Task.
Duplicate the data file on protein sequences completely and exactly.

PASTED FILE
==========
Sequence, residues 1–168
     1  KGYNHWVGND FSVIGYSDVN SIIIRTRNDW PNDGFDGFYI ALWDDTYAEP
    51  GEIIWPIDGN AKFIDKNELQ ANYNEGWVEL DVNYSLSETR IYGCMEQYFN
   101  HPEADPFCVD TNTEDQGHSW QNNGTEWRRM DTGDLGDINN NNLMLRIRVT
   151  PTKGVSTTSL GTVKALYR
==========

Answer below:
Sequence, residues 1–168
     1  KGYNHWVGND FSVIGYSDVN SIIIRTRNDW PNDGFDGFYI ALWDDTYAEP
    51  GEIIWPIDGN AKFIDKNELQ ANYNEGWVEL DVNYSLSETR IYGCMEQYFN
   101  HPEADPFCVD TNTEDQGHSW QNNGTEWRRM DTGDLGDINN NNLMLRIRVT
   151  PTKGVSTTSL GTVKALYR